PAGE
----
Nauru Religion and Languages

By | March 5, 2021

According to franciscogardening, Nauru is a Micronesian island country located in the Central Pacific Ocean. It has a population of approximately 11,000 people and covers an area of 21 square kilometers. The capital city is Yaren, which is also the largest city in the country. The official language of Nauru is Nauruan but other languages such as English are also spoken. Nauru has a long history as an independent state with strong ties to Australia and other former colonial countries. Its economy relies mainly on phosphate mining and fishing, supplemented by foreign aid from Australia and other countries. With a GDP of $120 million USD in 2020, Nauru remains one of the smallest economies in the world.


Of the Naurus population, about 5,300 are natives. The migrants, most of the phosphate mining workers, came from mainly Kiribati and Tuvalu but also from Hong Kong, the Philippines, Australia and New Zealand. Only natives can be citizens of Nauru. Settlement is possible only on the narrow coastal strip, where a number of communities exist. No cities in Nauru.


According to Countryaah, the official language and majority language is Nauru, an Austronesian language. English is also used.

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The small nation is dominated by Christianity, even though the churches and especially the cultural specialty have been given a reduced importance with the rapidly emerging material wealth. The Congregationalist church comprises 2/3 of the population, while the Roman Catholic comprises 1/3. The first missionaries came in 1899 from the nearby Congregationalist Church in Kiribati. The Catholic Church was introduced at about the same time by Europeans. The development of the churches has been closely linked to the changing colonial powers and their phosphate companies.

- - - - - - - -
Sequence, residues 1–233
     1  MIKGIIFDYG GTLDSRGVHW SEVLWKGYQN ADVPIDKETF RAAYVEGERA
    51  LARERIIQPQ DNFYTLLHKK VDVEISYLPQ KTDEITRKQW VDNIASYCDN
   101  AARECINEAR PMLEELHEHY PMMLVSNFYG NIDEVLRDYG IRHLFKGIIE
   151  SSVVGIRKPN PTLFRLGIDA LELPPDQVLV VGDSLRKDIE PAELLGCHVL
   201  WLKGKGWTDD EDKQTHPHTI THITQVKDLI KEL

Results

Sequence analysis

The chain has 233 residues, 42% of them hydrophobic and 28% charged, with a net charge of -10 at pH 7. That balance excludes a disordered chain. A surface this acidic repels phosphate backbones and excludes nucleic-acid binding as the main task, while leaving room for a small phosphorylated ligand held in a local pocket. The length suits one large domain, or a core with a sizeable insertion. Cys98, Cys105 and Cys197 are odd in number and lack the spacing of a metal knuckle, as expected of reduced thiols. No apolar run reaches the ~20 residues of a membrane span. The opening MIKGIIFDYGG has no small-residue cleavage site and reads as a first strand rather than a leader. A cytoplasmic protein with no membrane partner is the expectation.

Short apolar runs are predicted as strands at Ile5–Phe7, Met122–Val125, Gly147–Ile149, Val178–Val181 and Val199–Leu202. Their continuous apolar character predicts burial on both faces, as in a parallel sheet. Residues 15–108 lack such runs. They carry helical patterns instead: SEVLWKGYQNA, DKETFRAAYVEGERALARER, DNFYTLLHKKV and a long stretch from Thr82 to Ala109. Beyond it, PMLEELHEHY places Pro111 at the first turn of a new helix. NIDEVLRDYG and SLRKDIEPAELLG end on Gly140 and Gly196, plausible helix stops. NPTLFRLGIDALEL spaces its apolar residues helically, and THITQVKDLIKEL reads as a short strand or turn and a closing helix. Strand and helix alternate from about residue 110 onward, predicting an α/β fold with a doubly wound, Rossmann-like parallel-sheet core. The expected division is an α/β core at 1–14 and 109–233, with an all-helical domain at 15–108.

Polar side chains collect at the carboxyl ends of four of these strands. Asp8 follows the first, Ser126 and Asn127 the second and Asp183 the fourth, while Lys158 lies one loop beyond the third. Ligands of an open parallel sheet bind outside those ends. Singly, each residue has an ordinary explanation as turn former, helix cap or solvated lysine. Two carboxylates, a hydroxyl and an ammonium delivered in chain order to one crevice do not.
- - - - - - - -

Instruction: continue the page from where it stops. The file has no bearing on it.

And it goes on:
Nauru Population by Religion


Island microstate of the south-eastern Pacific (formerly Pleasant Island), in Micronesia, at 0 ° 32 ′ lat. S and 166 ° 55 ′ long. E. The territory consists of an elliptical atoll on a volcanic base. The climate is subequatorial, hot and rainy with periods of drought.

Population and economic resources

The population, 69% indigenous and the rest Filipino and Chinese, is concentrated along the coast; the dominant religion is the Christian one, mostly adhering to the Nauruan Protestant Church (50.9%). The pressure of the residents to obtain self-government first and then independence can be explained by considering the very high income that Nauru obtained from the exploitation of the phosphate deposits. Mining then declined from year to year and these resources practically ran out, leaving the country’s finances on the verge of bankruptcy. The main importing countries of phosphates, Australia, New Zealand and the United Kingdom, have provided to support Nauru’s crumbling economy by paying money as compensation for the environmental damage caused. To diversify the economy, the focus was on strengthening another traditional activity, fishing, mainly practiced by foreign licensed vessels. Of little importance are agriculture (especially coconuts) and breeding intended for consumption by the local population. Service activities are developing, mainly financial and credit, but the country continues to be in critical economic conditions and dependence on external aid.